Brief Variations on the Writer’s Life
Roger Rosenblatt Approaches the Writer's Task from Unexpected Angles
The following passages are from unpublished works by Roger Rosenblatt and appear in The Story I Am, available now from Turtle Point Press.
And do you know what’s really great about the imagination? I said. No, tell me, Dr. Watson. What’s really great about the imagination? Cait said, not even bothering to stifle a giggle of amused superiority. Well, I’m going to tell you, Holmes, you bitch. She laughed. The thing about the imagination is no one knows where it is located. No neuroscientist has the slightest idea where the imagination lives in the human brain. Mrs. Dwyer has this book about the brain, the areas of life it controls. Moving your limbs. Singing. Learning. Seeing. Hearing. All those functions, and more. Even loving.
Every one of our activities has a home in some particular area of the brain. Not the imagination. The scientists concede the imagination is real, but they haven’t found out where it lives. Most of them say it lives everywhere, in all the brain’s regions. You know what I say? No, Watson, what do you say? She hadn’t stopped smiling. I say the imagination is bigger than the human brain. It fills the universe. I say the imagination imagines itself.
The best days are the first to flee, said Virgil. But before they do. The birthday party when I was six, and, after blowing out the candles, singing every word of “Blue Skies” for my small, bewildered guests. At age four, sitting at the concert grand beside enormous Miss Jourdan, the editor and novelist who lived upstairs with Miss Prescott, the Columbia University librarian, and Miss Cutler, the ceramicist. Playing “The Blue Danube” and “Londonderry Aire” by ear. The ladies’ squeals of delight. Accompanying my dad on rounds, and winding up at the counter at the drugstore on Twentieth and Park, the two of us hunched over ham sandwiches and black-and-white sodas.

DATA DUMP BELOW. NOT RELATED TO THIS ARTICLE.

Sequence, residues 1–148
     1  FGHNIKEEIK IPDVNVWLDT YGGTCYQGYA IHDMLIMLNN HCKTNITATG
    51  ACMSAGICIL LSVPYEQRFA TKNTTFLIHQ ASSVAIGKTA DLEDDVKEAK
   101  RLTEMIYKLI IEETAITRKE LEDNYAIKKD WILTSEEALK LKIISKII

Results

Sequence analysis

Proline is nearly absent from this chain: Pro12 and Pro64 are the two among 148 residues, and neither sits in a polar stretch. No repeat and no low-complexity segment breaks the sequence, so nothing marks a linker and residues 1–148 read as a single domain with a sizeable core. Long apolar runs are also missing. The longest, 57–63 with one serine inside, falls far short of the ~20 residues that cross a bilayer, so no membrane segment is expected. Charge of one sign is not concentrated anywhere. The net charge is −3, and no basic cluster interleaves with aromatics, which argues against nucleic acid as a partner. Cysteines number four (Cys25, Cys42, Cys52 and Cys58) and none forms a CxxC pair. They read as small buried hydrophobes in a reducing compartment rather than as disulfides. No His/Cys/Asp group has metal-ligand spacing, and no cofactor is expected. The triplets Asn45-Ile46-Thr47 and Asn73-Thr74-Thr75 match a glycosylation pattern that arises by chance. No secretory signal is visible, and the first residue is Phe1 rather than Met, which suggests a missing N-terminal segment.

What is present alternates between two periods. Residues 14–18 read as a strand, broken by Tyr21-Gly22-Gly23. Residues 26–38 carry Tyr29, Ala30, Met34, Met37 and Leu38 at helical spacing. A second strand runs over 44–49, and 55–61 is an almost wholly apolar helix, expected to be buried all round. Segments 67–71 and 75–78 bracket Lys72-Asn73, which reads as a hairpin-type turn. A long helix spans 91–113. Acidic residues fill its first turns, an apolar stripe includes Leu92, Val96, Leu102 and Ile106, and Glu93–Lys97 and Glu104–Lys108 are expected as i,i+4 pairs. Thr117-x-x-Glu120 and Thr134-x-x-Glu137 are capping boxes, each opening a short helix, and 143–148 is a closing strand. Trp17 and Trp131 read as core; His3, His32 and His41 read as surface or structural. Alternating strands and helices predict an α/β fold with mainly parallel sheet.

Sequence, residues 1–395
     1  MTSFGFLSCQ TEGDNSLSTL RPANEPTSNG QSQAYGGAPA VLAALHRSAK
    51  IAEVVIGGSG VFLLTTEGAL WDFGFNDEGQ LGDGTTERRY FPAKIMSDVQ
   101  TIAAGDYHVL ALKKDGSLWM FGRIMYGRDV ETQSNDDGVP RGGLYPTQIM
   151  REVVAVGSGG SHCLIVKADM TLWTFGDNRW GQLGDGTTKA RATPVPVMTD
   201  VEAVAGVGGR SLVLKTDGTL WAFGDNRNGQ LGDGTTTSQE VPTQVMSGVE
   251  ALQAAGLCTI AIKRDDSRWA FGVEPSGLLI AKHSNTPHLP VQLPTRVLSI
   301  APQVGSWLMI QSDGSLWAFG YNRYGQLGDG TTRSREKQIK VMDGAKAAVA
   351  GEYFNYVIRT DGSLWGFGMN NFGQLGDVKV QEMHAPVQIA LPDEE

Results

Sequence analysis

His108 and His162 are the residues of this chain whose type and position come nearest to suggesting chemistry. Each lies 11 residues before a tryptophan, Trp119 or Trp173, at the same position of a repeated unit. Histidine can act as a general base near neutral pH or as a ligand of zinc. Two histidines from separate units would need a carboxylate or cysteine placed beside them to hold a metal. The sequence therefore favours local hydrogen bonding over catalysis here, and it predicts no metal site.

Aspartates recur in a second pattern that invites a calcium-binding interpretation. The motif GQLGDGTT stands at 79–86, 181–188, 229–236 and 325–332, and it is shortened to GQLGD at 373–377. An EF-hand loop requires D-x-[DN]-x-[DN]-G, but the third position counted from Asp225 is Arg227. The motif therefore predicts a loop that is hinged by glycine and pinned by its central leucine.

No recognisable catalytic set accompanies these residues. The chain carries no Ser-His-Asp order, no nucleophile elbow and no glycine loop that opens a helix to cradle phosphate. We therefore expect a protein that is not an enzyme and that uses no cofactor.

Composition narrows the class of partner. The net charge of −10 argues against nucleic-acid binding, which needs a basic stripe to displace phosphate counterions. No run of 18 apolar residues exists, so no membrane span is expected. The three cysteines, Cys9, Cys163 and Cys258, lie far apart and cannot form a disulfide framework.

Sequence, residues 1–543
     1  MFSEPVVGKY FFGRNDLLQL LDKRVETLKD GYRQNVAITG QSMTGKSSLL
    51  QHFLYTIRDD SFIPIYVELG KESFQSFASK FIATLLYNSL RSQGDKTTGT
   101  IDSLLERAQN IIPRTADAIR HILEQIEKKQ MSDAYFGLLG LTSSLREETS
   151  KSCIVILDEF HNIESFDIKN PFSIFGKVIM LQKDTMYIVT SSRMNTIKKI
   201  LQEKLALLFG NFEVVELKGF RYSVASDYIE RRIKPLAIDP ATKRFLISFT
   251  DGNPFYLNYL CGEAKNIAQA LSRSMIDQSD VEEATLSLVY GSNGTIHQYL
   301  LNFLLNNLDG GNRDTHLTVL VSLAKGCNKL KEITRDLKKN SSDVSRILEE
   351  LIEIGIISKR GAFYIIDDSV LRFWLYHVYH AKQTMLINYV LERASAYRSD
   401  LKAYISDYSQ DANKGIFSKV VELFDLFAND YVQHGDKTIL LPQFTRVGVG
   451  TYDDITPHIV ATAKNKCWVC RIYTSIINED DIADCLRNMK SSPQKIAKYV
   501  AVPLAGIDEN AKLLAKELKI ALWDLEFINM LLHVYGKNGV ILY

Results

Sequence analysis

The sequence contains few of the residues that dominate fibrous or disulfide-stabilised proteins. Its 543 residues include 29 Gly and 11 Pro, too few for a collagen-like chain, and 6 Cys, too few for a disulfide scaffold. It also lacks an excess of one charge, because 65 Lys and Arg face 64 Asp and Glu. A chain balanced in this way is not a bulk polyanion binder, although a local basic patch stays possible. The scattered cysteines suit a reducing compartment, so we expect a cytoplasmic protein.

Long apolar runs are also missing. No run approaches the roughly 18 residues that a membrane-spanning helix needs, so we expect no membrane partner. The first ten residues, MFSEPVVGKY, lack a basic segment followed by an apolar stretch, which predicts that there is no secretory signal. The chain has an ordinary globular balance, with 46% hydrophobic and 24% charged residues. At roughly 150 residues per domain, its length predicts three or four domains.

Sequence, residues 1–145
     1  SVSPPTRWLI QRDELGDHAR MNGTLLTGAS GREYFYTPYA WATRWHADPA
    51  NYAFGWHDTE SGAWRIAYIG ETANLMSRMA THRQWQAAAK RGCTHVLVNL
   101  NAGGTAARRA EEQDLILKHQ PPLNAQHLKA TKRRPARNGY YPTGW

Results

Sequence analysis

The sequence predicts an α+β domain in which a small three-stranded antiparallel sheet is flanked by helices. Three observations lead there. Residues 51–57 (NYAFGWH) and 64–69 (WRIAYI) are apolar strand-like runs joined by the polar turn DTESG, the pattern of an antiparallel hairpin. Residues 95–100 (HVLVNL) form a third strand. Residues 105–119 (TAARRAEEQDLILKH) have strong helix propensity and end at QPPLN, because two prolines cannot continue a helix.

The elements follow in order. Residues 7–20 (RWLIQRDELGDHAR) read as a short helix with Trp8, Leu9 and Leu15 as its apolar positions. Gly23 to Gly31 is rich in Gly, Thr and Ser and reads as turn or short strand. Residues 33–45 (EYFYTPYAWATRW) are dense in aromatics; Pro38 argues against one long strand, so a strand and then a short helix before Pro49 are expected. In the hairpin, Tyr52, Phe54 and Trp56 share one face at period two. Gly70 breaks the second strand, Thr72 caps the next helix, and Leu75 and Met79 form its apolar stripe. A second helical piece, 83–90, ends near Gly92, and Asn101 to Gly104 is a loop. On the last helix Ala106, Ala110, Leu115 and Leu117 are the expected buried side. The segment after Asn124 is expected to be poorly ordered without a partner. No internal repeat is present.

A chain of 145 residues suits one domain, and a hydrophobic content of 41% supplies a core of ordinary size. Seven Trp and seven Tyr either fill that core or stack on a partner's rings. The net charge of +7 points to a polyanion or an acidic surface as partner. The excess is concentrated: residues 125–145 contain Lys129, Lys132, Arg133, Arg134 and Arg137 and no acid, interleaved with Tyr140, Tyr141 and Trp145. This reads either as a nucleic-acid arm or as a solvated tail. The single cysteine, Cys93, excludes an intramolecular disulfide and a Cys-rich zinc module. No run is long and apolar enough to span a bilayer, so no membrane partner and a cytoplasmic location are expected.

Tracking earthworms in the park. Riding an inner tube in Long Island Sound, straight to Portugal. Pears in a wooden crate. A horse’s neck, as he is about to take a jump. The sea captain’s house in Chatham, with the ship’s wheel in the living room. Snow piled like cake frosting on my bedroom windowsill. A road under a hard blue sky, and, though you cannot see it or smell the brine, the sea it leads to.
And my mother, having returned home from teaching junior high English in a school on Hester Street. And her mother, Sally, lounging around our gothic museum of an apartment in the late afternoons while I, the apple of their eyes, deployed brightly painted British soldiers in the Charge of the Light Brigade on the green bedroom carpet.
My grandmother, whom I called Giga, big face, black hair, singing “Look for the Silver Lining.” And my mother brandishing a shawl, strutting around the bedroom, like Mae West.
And my mother’s father, Joachim, whom I called Patta, getting off the Third Avenue El, and coming to our house from his sign-painter shop in the Bronx, and sitting at the end of my bed to tell me stories. I was five. And the night he sat there saying nothing, and I waited eagerly until finally he said in his pea-soup accent, “This time, you tell me a story, Raagh.” And I: “But, Patta, I don’t have a story to tell.” And he: “Tell me something you did today.”
So I told him about Mrs. Morris, who took a bunch of the neighborhood kids to Palisades Park that afternoon, and all the wonderful rides we went on, and the go-carts, and the Ferris wheel and the waterfall, and the little pond, which I stretched to the size of a lake, and the live alligator with two teeth, one gold, one silver, that chased me up a hill into a cave, where I hid beside a black bear, the two of us sitting very quietly, burying our faces in cardboard cones of cotton candy. And I saw Patta’s look of amused attentiveness, in which I also saw the power of words. And I loved what I saw.
My mother teaches me to read. I am two and a half. We sit together at the dinette table with a book between us. I remember nothing of that book, or of any of the others we read, but I still can feel her closeness, the fresh-roses smell of her clothing, and our intense conspiracy over words. In her early seventies until her death from Alzheimer’s years later, my mother will show only the look of fear. She will appear anxious even in death. But when I am little and she is in her mid-thirties, she is the face of serene competence. There is nothing she can’t do.